The AIA's semi-annual Consensus Construction Forecast, released today, has some (reasonably) good news for the industry. Spending for non-residential construction in the U.S. this year is expected to rise by 5 percent over last year's total of $300 billion, up from the 4.4 percent increase predicted in the July 2012 forecast. And the news is even better for 2014, with a 7.2 percent projected increase in spending.

"After seeing construction activity seesaw for much of last year, there is a much stronger sense that we have entered a recovery phase, and the industry is positioned to see continued economic improvement as we move through this year and into 2014," said AIA Chief Economist Kermit Baker in a statement released by the organization. "The resurgent housing market has led to a ripple effect where there is a need for more retail establishments and office buildings around the country."

Indeed, commercial and industrial projects are expected to lead the way, with an 8.6 predicted increase in spending for 2013. Hotels will epecially see strong growth of 15.7 percent. Institutional construction will witness only a small increase in 2013 (1.4 percent), but should rebound slightly by 2014 (4.7 percent). Heathcare projects should be the strongest component of growth in the institutional sector.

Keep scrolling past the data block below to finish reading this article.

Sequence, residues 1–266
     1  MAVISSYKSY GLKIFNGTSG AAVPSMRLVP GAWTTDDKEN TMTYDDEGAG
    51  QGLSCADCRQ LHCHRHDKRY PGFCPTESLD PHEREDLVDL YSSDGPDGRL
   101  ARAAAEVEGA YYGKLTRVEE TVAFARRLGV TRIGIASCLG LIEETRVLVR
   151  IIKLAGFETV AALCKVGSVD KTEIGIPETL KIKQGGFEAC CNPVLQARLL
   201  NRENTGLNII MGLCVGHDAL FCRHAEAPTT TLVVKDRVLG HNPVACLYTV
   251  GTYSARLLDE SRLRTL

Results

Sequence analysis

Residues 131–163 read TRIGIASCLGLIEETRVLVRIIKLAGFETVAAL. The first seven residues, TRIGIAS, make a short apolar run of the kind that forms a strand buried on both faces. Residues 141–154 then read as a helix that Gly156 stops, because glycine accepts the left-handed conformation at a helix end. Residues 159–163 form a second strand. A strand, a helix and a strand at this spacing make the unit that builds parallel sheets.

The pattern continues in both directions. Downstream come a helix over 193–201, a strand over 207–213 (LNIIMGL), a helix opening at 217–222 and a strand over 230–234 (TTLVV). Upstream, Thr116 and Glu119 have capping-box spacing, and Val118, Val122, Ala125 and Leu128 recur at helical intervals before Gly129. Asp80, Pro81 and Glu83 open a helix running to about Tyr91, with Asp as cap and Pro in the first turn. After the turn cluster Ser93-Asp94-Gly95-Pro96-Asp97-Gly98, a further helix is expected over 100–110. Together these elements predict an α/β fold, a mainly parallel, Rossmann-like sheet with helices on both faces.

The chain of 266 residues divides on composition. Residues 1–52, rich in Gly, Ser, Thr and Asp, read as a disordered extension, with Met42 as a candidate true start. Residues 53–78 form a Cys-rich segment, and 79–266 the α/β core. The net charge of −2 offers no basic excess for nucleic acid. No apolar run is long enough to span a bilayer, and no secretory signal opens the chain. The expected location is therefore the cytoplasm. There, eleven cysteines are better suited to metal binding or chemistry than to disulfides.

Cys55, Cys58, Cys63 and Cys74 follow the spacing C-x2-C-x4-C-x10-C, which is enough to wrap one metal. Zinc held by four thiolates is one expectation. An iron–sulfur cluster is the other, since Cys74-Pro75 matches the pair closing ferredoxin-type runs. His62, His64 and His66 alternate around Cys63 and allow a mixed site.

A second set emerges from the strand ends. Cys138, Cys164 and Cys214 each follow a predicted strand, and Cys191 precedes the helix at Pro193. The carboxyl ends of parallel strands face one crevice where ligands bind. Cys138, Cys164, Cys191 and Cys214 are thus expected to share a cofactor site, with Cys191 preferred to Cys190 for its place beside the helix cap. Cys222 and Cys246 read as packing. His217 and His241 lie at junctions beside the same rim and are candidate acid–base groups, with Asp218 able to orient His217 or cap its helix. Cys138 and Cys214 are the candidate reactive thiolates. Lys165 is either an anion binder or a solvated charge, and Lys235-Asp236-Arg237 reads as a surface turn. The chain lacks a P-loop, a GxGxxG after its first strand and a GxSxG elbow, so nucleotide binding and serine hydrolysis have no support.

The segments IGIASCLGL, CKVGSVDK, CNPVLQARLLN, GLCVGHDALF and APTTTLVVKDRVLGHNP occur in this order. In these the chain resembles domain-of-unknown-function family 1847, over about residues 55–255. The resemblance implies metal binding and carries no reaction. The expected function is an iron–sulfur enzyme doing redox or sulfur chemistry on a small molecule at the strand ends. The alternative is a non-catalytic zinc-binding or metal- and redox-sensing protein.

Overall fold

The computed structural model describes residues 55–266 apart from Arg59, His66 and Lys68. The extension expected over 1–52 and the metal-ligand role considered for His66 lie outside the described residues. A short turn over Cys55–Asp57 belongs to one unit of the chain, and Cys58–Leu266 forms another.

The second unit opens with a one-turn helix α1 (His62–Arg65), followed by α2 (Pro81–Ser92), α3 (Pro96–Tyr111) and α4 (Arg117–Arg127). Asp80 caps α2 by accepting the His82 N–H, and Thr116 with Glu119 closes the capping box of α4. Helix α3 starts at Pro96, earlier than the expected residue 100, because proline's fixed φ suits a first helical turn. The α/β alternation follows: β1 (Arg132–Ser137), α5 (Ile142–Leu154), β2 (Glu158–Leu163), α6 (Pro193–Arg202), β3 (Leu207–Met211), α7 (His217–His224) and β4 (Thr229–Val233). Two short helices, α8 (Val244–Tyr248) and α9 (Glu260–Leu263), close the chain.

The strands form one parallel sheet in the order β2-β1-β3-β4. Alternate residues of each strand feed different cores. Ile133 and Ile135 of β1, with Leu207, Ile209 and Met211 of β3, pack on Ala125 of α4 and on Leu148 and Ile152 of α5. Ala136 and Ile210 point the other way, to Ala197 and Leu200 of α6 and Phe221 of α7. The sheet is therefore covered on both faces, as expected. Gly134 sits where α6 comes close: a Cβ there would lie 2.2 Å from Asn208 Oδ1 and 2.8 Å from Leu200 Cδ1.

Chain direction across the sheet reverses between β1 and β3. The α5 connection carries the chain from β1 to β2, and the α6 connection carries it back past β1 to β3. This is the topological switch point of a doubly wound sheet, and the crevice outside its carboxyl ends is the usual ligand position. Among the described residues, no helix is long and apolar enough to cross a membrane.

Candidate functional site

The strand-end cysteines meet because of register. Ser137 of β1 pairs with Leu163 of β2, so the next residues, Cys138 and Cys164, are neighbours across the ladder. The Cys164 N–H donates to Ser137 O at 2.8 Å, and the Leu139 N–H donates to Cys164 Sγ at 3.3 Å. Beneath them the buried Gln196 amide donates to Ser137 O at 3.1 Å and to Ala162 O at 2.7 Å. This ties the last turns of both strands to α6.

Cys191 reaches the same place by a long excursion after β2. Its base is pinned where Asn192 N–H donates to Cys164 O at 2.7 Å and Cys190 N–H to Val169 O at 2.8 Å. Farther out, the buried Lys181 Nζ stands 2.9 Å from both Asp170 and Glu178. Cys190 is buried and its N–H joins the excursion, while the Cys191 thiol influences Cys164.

The forecast is based on a composite of the leading construction forecasters in the U.S., including McGraw Hill, Wells Fargo Securities, IHS-Global Insight, Moody's economy.com, Reed Business Information, Associated Builders & Contractors, and FMI.

Baker, in an AIA Architect story, wrote that the solid if unspectacular performance of the ABI in 2012 jived with the slghtly more optimistic predictions for 2013. But he also cited continued concerns over the federal budget and debt, including the looming threat of sequestration, as issues that potentially could undermine the forecast. The economic uncertainty may well cause clients to pull the plug on various projects around the country.

One takeaway, perhaps, is that in advance of the AIA's annual Grassroosts campaign in March, architects should be lobbying their representatives for a sensible solution to the budget crisis that does not indiscriminately slash agency budgets, thereby dampening construction spending.